Hepatitis C infection remains a major public health problem in Australia. There were 10,537 hepatitis C notifications in Australia in 2017.2 Influenced by multiple factors, infection persists in between 55–85% of those with the infection. In 2017, an estimated 182,144 Australians were living with chronic hepatitis C. Cirrhosis develops within 20 years in 5–10% of this group (usually associated with other comorbidities such as co-infection with human immunodeficiency virus (HIV) or hepatitis B virus (HBV), obesity, insulin resistance, alcohol intake over 40 g each day) and in a further 10–15% after 40 years.6 Hepatocellular carcinoma will develop in 3–5% of people per annum who develop cirrhosis.7

Preventive interventions have proven effective in decreasing HCV transmission and therapeutic interventions are effective in improving quality of life and clinical outcomes for people with HCV infection. New treatments subsidised on the Pharmaceutical Benefits Scheme (PBS) since March 2016 have greatly improved HCV sustained viral responses (SVR) and treatment numbers have risen dramatically from pre-DAA agent levels. The newest agents, which are pangenotypic have been shown to be safe and highly effective and, in 2019, almost 50% of prescriptions for these new drugs were written by doctors in primary-care settings.8 

This edition of the Testing Policy seeks to define the current best practice for testing for exposure (or re-exposure) to the virus and for defining the current infective status of the person before, during and after treatment.

HCV testing can provide people with information regarding exposure to the virus. Appropriate testing indicates whether the person being tested has cleared the virus spontaneously or with antiviral therapy or has an ongoing (chronic) infection.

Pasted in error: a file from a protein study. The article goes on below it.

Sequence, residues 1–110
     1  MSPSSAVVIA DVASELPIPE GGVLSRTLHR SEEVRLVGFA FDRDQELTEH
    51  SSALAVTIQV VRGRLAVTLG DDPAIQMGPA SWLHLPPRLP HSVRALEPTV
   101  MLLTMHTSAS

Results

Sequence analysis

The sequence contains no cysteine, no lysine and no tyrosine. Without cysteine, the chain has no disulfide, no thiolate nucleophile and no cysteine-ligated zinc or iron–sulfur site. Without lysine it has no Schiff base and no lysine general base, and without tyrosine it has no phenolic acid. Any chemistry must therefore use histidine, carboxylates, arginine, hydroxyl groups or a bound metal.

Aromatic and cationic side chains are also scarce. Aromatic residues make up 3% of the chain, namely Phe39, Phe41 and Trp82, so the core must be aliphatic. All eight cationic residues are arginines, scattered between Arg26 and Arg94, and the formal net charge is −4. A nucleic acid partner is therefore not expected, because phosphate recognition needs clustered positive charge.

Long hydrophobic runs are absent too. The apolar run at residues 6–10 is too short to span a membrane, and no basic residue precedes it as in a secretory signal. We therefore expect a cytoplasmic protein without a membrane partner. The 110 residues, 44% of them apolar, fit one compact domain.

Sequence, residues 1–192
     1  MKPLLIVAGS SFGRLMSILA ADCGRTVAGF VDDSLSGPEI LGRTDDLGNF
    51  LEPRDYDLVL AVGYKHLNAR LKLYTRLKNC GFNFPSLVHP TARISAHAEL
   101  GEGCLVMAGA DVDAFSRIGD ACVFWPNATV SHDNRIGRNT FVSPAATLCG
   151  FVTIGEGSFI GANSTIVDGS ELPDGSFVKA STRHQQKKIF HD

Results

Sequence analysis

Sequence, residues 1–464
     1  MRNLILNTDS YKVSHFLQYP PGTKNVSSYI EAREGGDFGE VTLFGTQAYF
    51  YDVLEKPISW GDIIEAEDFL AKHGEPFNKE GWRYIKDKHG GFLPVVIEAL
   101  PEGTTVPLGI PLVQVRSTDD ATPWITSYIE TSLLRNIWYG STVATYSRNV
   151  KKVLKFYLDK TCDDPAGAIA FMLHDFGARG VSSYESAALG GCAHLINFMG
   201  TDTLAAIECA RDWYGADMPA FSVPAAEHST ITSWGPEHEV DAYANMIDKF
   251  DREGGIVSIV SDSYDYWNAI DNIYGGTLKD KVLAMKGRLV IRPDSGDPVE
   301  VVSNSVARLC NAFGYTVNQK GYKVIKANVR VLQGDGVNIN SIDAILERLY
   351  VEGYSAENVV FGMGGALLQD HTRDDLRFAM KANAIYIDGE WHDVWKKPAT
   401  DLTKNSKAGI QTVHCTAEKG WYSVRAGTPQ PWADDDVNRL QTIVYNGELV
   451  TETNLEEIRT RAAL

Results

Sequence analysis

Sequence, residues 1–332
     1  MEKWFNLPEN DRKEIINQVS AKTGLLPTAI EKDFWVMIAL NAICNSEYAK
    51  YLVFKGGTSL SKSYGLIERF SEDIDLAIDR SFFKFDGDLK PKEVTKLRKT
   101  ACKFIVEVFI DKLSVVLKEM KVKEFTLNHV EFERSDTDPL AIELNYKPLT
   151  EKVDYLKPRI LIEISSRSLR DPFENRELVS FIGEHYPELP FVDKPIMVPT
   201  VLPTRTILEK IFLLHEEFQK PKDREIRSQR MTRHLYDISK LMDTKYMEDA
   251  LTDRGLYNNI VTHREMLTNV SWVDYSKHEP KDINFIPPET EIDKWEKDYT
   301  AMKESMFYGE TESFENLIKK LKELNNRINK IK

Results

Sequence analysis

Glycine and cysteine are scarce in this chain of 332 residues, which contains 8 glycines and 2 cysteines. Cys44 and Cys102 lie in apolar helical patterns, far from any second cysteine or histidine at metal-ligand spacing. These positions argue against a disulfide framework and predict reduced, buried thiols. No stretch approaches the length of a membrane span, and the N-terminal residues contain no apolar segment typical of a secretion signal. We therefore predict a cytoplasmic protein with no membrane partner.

The benefits of reliable, timely testing are numerous, both for the person being tested and for public health. Detection of HCV infection followed by appropriate education can effectively reduce onward transmission by empowering people living with hepatitis C infection to modify their risk behaviour, modify their disease progression through earlier referral for advice and treatment, and protect the blood, tissue and organ donation supply. Despite the public health and individual benefits of testing, a significant but undocumented number of people with hepatitis C infection in Australia remain undiagnosed.

It is therefore crucial that those people responsible for implementing this Policy (particularly those obtaining informed consent and providing test results) have the necessary skills and knowledge to fully communicate the significance of each of the available tests to the person being tested. This Policy document assumes that all staff involved in the testing process are appropriately trained.